The result of the Franco-Prussian War, with Prussia defeating France, paved the way for the unification of all the German states under Prussian leadership. The work, which the Parliament of Frankfort had failed to carry out in the revolutionary period, was easily accomplished at a time when Germans were fighting side by side for a common Fatherland. Bismarck, prime minister under William I of Prussia, was enabled to sweep away the unnatural line of the Main, and to extend the Northern German Confederation of 1867 over the four states of southern Germany.
The terms of union were settled in separate negotiations with the governments of Bavaria, Wurtemberg, Baden, and Grand ducal of Hesse. They were then submitted for formal approval to the estates of each province and to the diet of the North German Confederation, On January 18, 1871, the veteran King of Prussia was formally proclaimed German Emperor in the great Hall of Mirrors at Versailles, at the end of the Franco-Prussian War. Otto von Bismarck was appointed Imperial Chancellor.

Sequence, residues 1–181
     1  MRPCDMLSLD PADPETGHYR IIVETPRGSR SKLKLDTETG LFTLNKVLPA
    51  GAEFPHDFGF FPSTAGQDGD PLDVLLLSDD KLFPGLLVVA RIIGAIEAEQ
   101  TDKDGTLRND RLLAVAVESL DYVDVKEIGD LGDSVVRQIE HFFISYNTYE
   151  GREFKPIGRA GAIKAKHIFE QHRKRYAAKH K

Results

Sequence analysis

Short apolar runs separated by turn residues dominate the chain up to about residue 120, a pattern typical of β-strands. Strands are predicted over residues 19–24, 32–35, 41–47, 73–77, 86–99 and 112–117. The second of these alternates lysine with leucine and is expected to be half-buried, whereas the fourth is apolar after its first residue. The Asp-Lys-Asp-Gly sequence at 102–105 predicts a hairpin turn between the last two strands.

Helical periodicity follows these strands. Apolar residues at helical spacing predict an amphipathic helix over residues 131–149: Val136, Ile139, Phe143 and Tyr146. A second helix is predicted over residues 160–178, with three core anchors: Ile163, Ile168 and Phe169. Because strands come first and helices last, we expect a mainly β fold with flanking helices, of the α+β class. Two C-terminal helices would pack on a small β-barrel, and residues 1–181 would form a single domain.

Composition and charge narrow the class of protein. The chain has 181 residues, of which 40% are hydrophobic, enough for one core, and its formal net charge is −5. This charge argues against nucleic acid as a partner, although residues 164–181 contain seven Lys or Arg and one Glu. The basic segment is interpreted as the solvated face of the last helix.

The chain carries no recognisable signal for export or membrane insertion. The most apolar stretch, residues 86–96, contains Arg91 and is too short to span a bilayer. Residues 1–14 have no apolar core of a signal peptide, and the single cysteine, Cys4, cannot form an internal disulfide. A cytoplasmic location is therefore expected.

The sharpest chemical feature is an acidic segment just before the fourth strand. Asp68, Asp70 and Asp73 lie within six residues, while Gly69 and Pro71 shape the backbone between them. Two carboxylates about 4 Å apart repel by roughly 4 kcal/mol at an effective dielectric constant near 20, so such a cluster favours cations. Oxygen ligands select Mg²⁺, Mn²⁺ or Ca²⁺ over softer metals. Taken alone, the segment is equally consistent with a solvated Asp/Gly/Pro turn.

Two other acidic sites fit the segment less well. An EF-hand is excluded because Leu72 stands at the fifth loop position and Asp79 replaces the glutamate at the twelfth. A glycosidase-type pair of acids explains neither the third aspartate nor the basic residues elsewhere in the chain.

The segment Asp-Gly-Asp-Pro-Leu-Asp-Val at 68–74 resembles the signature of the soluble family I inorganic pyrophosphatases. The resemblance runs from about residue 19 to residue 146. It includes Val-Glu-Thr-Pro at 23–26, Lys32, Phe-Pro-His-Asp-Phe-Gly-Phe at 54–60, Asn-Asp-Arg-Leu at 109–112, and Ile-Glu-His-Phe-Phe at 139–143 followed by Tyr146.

The unification of Germany allowed this country to exert its political and economical hegemony in continental Europe and rivaled with Great Britain in colonial territorial gains in the Second Industrial Revolution context. It revived in Germany a national unity and nationalistic sentiment that had perished six centuries before. The German Empire was acknowledged since 1871 to be the first military power in Europe as the national pride in this position made the people overlook many domestic inconveniences and even humiliations. Bismarck were able to maintain the ascendancy of Prussia in spite of serious quarrels with the Roman Catholic clergy, and in spite of the threatening attitude of social democracy.